Climate change: definition and summary

As is logical from the name of the process, climate change describes the change of the average weather conditions, or climate, over a long period of time. Generally, the term “climate” can be used to describe the average weather conditions of a region if these conditions last for at least 30 years. Therefore, seasons, for example, are not considered to be climate changes.

Our planet has undergone multiple climate changes throughout its history. Some of these changes were caused by catastrophic events, like a collision with a meteorite, which supposedly caused the Ice Age and the annihilation of most of the then-existing life-forms. Other changes were the result of evolution of the life-forms of the planet. The current nitrogen-oxygen atmosphere of the Earth was formed as a result of evolution of primitive organisms that started to produce O2 as a waste product of their life-sustaining activities. The creation of the oxygen atmosphere has dramatically changed Earth’s climate. It has also killed almost all the life-forms that existed at the time, as oxygen was poisonous to them.

Climate change glacier melt

The current situation

If climate change has always been part of the planet’s life-cycle, why are we suddenly so concerned about it? The answer to this question is rather simple. As mentioned above, the previous climate changes have usually destroyed most of the life-forms existing on Earth before those climate changes took place. Our species are adapted to survive in the current climatic conditions of the Earth, therefore, when we are worried about the climate change – we are worried about our own survival.

Moreover, the humanity is currently the main driver of climate change. This basically means that we are trying to kill ourselves with our own hands. When people talk about protecting the environment or nature from climate change, what they really talk about is protecting ourselves. Nature will always find a way, just like it had multiple times in the past. New ecosystems will be created and life on Earth will eventually come to a balanced state again. The problem is that that new world will not be able to accommodate us, humans, in it.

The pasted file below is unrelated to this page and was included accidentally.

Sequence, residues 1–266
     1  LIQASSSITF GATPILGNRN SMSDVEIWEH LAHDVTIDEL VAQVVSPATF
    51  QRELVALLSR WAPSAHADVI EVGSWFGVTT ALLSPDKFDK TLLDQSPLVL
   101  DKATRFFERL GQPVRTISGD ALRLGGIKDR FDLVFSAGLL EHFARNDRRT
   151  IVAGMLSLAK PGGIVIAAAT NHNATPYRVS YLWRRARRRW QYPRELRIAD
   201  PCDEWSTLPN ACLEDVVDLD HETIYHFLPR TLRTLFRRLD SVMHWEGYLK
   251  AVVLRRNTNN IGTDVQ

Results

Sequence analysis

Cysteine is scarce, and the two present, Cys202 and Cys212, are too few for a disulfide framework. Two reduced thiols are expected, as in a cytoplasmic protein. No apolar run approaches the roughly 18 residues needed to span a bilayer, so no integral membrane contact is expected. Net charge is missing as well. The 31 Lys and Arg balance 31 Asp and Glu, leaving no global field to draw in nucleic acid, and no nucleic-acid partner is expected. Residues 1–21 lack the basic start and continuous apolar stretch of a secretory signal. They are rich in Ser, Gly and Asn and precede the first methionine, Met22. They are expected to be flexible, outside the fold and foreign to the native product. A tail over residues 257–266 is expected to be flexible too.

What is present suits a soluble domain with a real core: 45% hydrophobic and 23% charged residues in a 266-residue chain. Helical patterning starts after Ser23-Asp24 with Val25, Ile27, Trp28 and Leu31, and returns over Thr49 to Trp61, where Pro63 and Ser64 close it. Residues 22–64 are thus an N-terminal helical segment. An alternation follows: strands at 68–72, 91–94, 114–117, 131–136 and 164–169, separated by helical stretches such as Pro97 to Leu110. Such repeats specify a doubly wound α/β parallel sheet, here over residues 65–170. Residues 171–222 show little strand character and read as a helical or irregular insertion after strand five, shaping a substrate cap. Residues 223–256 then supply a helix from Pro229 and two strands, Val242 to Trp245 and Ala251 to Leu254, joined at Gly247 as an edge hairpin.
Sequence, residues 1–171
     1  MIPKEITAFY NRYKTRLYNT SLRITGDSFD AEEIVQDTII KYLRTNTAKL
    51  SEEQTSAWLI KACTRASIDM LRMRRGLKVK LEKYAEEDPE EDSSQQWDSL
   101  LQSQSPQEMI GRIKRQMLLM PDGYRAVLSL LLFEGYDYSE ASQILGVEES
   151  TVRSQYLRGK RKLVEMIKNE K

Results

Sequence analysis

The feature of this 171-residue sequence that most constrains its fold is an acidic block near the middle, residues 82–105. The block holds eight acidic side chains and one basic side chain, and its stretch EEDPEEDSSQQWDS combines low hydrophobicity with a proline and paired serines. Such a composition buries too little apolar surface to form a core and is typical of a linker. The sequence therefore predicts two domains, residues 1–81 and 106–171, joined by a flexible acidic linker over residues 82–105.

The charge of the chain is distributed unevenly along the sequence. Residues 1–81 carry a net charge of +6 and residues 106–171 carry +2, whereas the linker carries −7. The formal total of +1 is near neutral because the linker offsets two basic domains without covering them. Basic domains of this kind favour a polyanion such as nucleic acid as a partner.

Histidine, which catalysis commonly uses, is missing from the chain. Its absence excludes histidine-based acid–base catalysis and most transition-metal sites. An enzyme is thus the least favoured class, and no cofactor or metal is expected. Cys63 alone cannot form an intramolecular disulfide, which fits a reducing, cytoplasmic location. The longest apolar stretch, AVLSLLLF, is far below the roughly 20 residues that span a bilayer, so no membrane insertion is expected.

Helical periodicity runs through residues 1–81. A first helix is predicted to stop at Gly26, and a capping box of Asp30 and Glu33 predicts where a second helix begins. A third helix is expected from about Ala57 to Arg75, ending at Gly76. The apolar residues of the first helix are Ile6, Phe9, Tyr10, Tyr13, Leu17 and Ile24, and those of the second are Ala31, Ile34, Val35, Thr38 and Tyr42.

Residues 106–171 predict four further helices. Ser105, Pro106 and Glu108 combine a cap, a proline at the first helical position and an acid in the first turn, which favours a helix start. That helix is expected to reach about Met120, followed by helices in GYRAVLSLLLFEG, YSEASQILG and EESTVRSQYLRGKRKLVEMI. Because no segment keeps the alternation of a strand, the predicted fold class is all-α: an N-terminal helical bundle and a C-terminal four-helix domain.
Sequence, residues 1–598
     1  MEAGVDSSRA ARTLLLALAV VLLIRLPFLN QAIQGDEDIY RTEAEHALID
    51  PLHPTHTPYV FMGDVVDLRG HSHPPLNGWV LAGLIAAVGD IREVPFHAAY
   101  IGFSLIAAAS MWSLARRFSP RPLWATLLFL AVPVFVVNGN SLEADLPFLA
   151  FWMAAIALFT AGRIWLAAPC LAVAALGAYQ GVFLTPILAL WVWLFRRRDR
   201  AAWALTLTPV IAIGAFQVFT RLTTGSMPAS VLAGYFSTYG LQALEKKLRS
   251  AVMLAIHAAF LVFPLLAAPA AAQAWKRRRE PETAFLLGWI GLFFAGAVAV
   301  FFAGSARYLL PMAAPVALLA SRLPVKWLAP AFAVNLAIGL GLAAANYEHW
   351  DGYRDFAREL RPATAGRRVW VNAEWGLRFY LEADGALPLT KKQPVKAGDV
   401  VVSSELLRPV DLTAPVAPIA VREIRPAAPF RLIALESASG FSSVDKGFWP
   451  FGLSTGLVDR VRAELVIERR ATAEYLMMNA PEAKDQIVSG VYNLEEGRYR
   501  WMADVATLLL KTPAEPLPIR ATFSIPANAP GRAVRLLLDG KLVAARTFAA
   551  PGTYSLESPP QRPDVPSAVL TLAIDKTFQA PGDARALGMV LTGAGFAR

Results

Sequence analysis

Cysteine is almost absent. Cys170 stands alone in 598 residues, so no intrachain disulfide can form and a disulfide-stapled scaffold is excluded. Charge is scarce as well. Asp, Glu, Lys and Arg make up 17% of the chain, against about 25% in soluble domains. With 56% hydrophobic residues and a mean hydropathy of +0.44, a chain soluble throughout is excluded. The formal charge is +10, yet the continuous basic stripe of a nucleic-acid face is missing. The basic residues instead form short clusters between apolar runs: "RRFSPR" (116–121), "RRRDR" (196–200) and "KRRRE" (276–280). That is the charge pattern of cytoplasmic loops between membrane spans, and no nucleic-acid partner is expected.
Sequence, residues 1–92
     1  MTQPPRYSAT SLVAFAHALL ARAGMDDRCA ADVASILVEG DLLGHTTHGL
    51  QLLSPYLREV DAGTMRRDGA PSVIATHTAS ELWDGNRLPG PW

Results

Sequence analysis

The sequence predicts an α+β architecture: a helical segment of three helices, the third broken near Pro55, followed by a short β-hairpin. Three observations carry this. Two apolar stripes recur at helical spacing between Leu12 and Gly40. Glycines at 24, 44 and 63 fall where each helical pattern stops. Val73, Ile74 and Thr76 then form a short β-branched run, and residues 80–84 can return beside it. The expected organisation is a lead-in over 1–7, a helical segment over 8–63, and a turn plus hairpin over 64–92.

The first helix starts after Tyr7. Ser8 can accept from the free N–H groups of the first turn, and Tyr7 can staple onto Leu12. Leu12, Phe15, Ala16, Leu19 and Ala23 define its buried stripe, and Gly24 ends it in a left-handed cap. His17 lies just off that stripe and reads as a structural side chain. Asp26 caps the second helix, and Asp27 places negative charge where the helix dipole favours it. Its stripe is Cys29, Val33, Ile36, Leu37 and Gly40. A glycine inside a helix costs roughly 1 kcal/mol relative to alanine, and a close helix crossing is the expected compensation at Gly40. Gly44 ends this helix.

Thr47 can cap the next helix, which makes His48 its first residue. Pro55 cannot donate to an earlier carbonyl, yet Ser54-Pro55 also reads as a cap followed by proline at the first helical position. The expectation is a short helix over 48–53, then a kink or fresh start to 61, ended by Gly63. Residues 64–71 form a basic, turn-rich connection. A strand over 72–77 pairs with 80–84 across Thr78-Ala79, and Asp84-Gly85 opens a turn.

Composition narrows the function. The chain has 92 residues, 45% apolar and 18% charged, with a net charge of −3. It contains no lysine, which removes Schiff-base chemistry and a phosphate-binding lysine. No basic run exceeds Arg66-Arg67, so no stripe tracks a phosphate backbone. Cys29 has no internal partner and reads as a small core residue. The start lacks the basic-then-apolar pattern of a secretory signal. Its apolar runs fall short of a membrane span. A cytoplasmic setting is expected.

The signs of climate change

Among the most obvious signs of climate change are:

  • Increase or decrease of the average temperatures;
  • Changes of the prevailing wind directions;
  • Changes in the water cycle.

These factors influence the amount of clouds formed above the surface of the Earth, and, therefore, the amount of precipitation – another noticeable sign of climate change.

The factors listed above greatly influence all ecosystems on Earth. The distribution of wetlands and deserts changes, the areas that used to have enough water may become dry and stop supporting the vegetation. Other areas may, on the contrary, become flooded, due to the increased levels of water in the rivers. The size of the polar icecaps and glaciers is changing as well.

Among the long-term consequences of climate change are changes in sea currents’ strengths and directions, general sea level rise and an increase or decrease in salinity (salt content) of sea water.

Climate change became obvious in the 20th century when the global temperature rise became so significant that it became impossible to ignore the problem any longer.

As the problem of global warming becomes more and more obvious, more and more information about climate change becomes available.